A cartesian product can be performed over two or more lists. The lists can have different cardinalities. It retrieves all the possible combinations of the elements of the lists.

The result is a matrix, having as many columns as number of lists being operated, and as many rows as the product of the cardinalities of their lists.

The following produces all the possible combinations of pairs where the first element is one of the numbers 1 and 2, and the second element is one of the strings "x" and "y". It will produce 2 × 2 = 4 combinations:

In the following example, we have three lists, so the result is triplets. The number or possible combinations are 3 × 2 × 2 = 12.

### Cartesian exponentiation

The cartesian exponentiation is an analogous operation of the arithmetic exponentiation:

In arithmetics, , where is the arithmetic multiplication or product.

In sets (or lists), , where is the cartesian product.

The result is a matrix, having as many columns as the exponent, and as many rows as ce, where c is the cardinality of the list, and e is the exponent.

See the following examples:

### Power set

The power set expression operates on a given list. It retrieves all the possible subsets of the list.

The result is a list of lists that is never shown as a matrix because its sublists are never of the same size (all of them). The number of sublist is 2c, where c is the cardinality of the list.

Note that the list always contains both the original list and the empty list.

### Operations with matrices

In this section, operations with matrices are shown.

As an example, to perform the following:

The expression is (shown purely as lists):

`{{a, b}, {c, d}} + {{1, 2} + {3, 4}}`

Remember that matrices are also lists, so the addition of lists perform the following:

`{{a, b} + {1, 2}}, {{c, d} + {3, 4}}`

It is again an addition of lists, so the following is performed:

`{{a + 1}, {b + 2}}, {{c + 3}, {d + 4}}`

Which it is shown as:

#### Matrix multiplication

Matrix multiplication can be calculated between 2 or more matrices:

#### Matrix transposition

Matrix transposition can also be performed:

#### Matrix determinant

Matrix determinant can be calculated with:

## Arraization

One of the most powerful (and popular) features in Fōrmulæ is arraization. It is about the dynamic construction of lists, that is, the creation of lists by computation.

### Introduction

Most of us know the concept of summation. We can actually perform summations in Fōrmulæ:

Note that the summation produces the expression `0 + 1 + 2 + 3 + 4 + 5 + 6 + 7 + 8 + 9 + 10` but it is immediately reduced to 55.

See the following example:

Arraization follows the same principle that summation. However, it creates a list instead of a sum. This is the reason of its name.

 Note: The word arraization seems not to be in the dictionary. It was created here to resemble the word summation.

See the previous two examples, now using arraization instead of summation. Note the similarity on both the notation and semantics:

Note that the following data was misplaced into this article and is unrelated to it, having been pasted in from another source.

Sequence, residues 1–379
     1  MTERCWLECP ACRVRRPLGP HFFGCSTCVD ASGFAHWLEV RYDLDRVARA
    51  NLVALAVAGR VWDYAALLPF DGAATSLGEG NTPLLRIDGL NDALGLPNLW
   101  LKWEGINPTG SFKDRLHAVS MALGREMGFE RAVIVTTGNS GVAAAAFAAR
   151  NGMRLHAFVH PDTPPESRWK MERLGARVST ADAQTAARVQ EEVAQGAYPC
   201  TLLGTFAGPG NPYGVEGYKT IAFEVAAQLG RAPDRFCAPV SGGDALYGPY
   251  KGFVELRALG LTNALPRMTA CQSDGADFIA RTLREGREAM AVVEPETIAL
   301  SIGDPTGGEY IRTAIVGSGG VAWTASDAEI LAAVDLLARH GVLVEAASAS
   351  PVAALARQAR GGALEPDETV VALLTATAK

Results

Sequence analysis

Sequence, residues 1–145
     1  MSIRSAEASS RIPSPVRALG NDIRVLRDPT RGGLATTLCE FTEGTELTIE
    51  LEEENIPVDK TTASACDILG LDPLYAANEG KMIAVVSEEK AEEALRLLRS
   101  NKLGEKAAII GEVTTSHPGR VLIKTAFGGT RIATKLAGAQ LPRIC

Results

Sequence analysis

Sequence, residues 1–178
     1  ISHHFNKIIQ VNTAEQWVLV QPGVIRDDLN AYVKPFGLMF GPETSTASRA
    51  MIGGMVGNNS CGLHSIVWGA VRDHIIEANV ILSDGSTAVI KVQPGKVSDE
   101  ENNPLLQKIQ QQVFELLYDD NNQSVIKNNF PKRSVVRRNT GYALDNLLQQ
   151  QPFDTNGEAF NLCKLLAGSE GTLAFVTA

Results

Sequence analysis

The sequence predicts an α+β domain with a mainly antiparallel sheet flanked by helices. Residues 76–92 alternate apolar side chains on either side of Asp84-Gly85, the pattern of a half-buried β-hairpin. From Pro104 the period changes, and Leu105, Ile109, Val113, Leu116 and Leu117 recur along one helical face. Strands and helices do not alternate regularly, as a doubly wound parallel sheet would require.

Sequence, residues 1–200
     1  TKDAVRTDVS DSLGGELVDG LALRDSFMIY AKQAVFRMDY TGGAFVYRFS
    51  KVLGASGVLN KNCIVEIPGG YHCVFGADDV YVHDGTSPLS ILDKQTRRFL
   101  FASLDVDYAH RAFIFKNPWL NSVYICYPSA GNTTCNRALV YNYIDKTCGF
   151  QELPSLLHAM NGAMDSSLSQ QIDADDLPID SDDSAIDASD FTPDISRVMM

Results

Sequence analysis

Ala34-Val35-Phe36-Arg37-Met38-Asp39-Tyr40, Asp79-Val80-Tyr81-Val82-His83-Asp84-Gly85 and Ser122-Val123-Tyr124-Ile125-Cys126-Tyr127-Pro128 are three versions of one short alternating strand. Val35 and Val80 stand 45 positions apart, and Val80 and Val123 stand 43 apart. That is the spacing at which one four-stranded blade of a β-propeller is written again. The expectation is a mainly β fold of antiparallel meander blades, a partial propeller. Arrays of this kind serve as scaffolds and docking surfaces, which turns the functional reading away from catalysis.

### Form 1. Iterating a fixed number of times

This form is useful to create a list initialized with a fixed value:

To create a list of 10 zeroes:

Now suppose we want a 3 × 5 matrix, initialized to zeros. One possibility is:

But the next one is much better:

### Form 2. Iterating from starting to ending values

This is the form that resembles summation. Let us see some variants and examples.

To create a list of square numbers, from 0 to 10:

However, we would like to see the number and its square:

Note that the result is a matrix.

Let us create a multiplication table:

Example. To create the list of 10 elements, where the first element is the list `{1}`, the second element is the list `{1, 2}`, and so on:

Iterating values do not need to be positive, they can be also negative:

Example. To get the number names, in English and Spanish, for numbers 1 to 10:

Usually, iterating values are stepped by 1. The step value can specified.

The following example creates a list o even values (stepping by 2):

The stepper can be a rational quantity:

The stepper can be also negative:

The following creates a matrix of colors:

The following creates a plot of a few points, combining the width and height of the plot between the values 50, 100, 150 and 200:

### Form 3. Iterating over the elements of a list

The third form of the arraization expression let us create a list by the iteration over the elements of another list. See the following example:

How is formatted 12,345.678 currency units in the different locales? (the resulting table is large, so it was cropped)

The combination of this form of arraization and the cartesian exponentiation can be used to generate truth tables:

The following example generates a truth table for the logical operations of conjunction, disjunction and implication:

Explanation. Remember that the list to iterate on is:

So the symbol x will take these 4 rows (one at a time). But every row is not a single value, it is a list (of two elements). Because of this, the first element is x1 and the second one is x2.

If the elements to iterate on are also lists of known cardinality (such as the last example), we can define a list of symbols instead of only one, in order to these symbols take the values, improving the readability, like the following example, that produces the same result than the last one: